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Broward Teachers Join Lawsuit Over New Law That Targets Collective Bargaining

Sam Turken
Miami teachers protested in the rain across from Hialeah Gardens city hall earlier this month, denouncing a new law that could threaten the existence of teachers' unions.

Florida’s largest teachers’ union wasted no time in suing the state over a controversial new law that took effect Sunday and could threaten the existence of the labor organizations.

House Bill 7055 includes a provision that would decertify teachers’ unions if their dues-paying membership falls below 50 percent. The Florida Education Association (FEA), which represents 140,000 members statewide, argues the law impairs individual employees’ constitutional right to collective bargaining.

FEA filed a lawsuit in Leon County Circuit Court on Monday challenging the law. Broward Teachers Union and its president, Anna Fusco, are both named as plaintiffs. WLRN reported last month on the Broward County teachers’ union’s intention to join the then-impending lawsuit.

The lawsuit names the members of the state's Public Employee Relations Commission, because they are the ones charged with enforcing collective bargaining laws.

“This law is a very targeted attack on public school teachers' rights to organize, speak out as a group and advocate for themselves, their students and our schools,” FEA president Joanne McCall said Monday on a conference call with reporters.

READ MORE: The Sunshine Economy: The State of Teachers' Unions

Melissa Rudd — one of the plaintiffs who is a teacher in Wakulla County, in rural north Florida — said on the call that she and her colleagues are suing because they’re tired of getting beat up by legislators and intend to fight back. The conservative state legislature is known to be hostile to labor; outgoing House Speaker Richard Corcoran called FEA “evil” during his first speech in the position.

“Why do we put up with what the Legislature is doing to us?” Rudd said. “We’re not feeling defeated. We're feeling angry. And we are ready to do something about it. That's what this lawsuit is.”

A spokeswoman for Gov. Rick Scott pointed to comments he made on March 11, the day he signed the bill. He said at the time, “it increases transparency.” A representative for Senate leaders did not respond to a request for comment on the lawsuit.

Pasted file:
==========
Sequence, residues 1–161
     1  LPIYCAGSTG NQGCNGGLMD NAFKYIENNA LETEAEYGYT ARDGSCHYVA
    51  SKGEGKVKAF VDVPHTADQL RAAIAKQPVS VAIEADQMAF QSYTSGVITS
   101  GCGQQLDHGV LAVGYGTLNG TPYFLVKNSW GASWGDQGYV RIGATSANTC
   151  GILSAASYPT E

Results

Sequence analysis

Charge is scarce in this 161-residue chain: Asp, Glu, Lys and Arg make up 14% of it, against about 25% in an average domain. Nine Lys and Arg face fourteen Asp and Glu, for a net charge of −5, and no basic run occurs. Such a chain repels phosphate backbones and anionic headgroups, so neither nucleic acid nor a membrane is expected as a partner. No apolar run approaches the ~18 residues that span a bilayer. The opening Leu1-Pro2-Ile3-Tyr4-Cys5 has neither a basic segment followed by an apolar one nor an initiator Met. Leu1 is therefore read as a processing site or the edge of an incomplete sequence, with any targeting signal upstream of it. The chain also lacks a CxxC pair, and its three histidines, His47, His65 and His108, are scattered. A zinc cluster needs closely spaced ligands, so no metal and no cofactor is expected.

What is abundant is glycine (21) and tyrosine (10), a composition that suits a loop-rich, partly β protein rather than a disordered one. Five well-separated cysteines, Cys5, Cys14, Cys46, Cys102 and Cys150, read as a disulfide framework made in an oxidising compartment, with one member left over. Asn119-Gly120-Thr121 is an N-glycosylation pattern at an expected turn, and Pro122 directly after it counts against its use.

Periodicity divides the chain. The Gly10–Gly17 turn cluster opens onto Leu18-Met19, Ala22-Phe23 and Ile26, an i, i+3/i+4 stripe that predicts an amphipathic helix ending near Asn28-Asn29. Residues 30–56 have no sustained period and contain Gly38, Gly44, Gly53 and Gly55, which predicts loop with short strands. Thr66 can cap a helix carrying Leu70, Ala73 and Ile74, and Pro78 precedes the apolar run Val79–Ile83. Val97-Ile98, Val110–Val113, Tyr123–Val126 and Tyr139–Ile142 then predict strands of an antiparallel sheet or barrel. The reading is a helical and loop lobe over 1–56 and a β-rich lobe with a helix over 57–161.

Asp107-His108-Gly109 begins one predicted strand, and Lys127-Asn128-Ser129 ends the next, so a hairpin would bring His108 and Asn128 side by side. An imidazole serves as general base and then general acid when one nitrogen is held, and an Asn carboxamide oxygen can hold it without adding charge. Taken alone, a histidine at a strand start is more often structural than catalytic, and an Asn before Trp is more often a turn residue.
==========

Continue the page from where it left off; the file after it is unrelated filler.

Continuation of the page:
In a statement, Corcoran said it's "reasonable and appropriate" for unions to represent at least a majority of teachers.
"The union’s argument that it is entitled to exercise power and control over public education in Florida without having to earn the support of the people it claims to represent reflects an arrogance and elitism that has no place in a democratic society," he said.
FEA’s relationship with state legislators is fraught in part because the union is the primary group that consistently sues over state education policy, particularly efforts over the last two decades to boost private alternatives to public education like charter schools and vouchers.

READ MORE: A Shortcut To House Education Mega-Bill 7055: Here's What's In It And Why You Should Care

In addition to arguing that H.B. 7055 is unconstitutional because it infringes on individuals' collective bargaining rights, the lawsuit also contends that it's discriminatory because it treats teachers' unions differently than other public employee unions. And the lawsuit also challenges the entire omnibus bill, which FEA argues includes too many subjects that aren't closely related to each other.

FEA’s lawyer, Ron Meyer, said a successful challenge could imperil the whole law. Among its hundreds of pages are unprecedented measures to grow privately run charter schools in Florida.

“If a judge finds that it was improperly enacted, it was improperly enacted for all purposes,” Meyer said, stressing that the union’s interest is mainly targeting the collective bargaining language.

McCall, FEA’s president, said so far the legislation has helped fuel membership growth in teachers’ unions.

Read the lawsuit here.

This story has been updated with a comment from Richard Corcoran.